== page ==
These two methods handle either searching or cancelling from the search bar. When the user selects search we simply run the query again and update the table view using the updateLocation method, then get rid of the keyboard using the resignFirstResponder call. The cancel method just gets rid of the keyboard.

With the front end and back end written it’s time to try this puppy out.

Trying The App Out

The first thing that happens when you launch the app is that you are prompted to allow the application to use your current location as shown in Figure 1.



If you want the code to work click the OK button. If you want to save yourself some headaches later on you should also check the “Don’t ask me again” checkbox.

With the location check out of the way the application queries the PHP service on the back end and parses the returned XML into the locations array. This array is then displayed in the UITableView as you can see in Figure 2.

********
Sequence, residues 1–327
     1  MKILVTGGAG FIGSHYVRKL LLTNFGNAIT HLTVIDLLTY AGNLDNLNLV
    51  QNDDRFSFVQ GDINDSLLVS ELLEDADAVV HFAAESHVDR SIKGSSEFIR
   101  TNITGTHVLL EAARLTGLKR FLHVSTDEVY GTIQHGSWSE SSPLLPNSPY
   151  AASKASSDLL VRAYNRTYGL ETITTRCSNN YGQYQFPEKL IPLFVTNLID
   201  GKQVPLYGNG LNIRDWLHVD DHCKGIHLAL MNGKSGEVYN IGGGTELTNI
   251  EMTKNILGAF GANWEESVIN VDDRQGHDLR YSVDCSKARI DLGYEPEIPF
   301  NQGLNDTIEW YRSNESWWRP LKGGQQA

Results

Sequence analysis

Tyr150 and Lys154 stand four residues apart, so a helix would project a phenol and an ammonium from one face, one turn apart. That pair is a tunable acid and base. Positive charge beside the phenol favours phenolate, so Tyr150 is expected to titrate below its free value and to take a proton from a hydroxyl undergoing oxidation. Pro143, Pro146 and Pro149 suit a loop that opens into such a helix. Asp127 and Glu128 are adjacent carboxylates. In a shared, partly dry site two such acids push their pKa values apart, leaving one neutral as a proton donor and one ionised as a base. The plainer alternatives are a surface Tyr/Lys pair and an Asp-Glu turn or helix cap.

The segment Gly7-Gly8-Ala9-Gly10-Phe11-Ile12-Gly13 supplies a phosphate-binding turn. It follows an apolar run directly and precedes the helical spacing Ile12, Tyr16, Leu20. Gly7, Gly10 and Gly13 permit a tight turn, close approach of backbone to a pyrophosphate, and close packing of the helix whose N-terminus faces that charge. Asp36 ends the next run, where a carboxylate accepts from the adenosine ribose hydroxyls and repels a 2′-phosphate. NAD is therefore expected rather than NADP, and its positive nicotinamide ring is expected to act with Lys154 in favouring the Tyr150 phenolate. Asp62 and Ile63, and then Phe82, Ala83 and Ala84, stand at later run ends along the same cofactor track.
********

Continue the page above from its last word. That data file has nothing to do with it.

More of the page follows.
Alright, now we are really getting somewhere. So let’s make sure that we can not only get the stores that are around us, but which match our search criteria. We do this by clicking in the search bar which brings up the keyboard as shown in Figure 3.



With the keyboard up we can now enter a search term like ‘ice’ as shown in Figure 4.



We then click the search button and the results are refined to just the Ice Skating rink shown in Figure 5.



In addition the keyboard has been automatically dismissed opening up the entirety of the screen to show the copious results.


Building this GPS application was remarkably easy on both the front and back end sides. The back end amounts to a very simple database with a rudimentary bounded query. And the iPad application on the front end gets the GPS data and makes a very simple HTTP request to get the data from the back end to show. This is just a starting point though, from here you can build out the back end to add more data or more search support. On the front end you can add mapping or additional data display.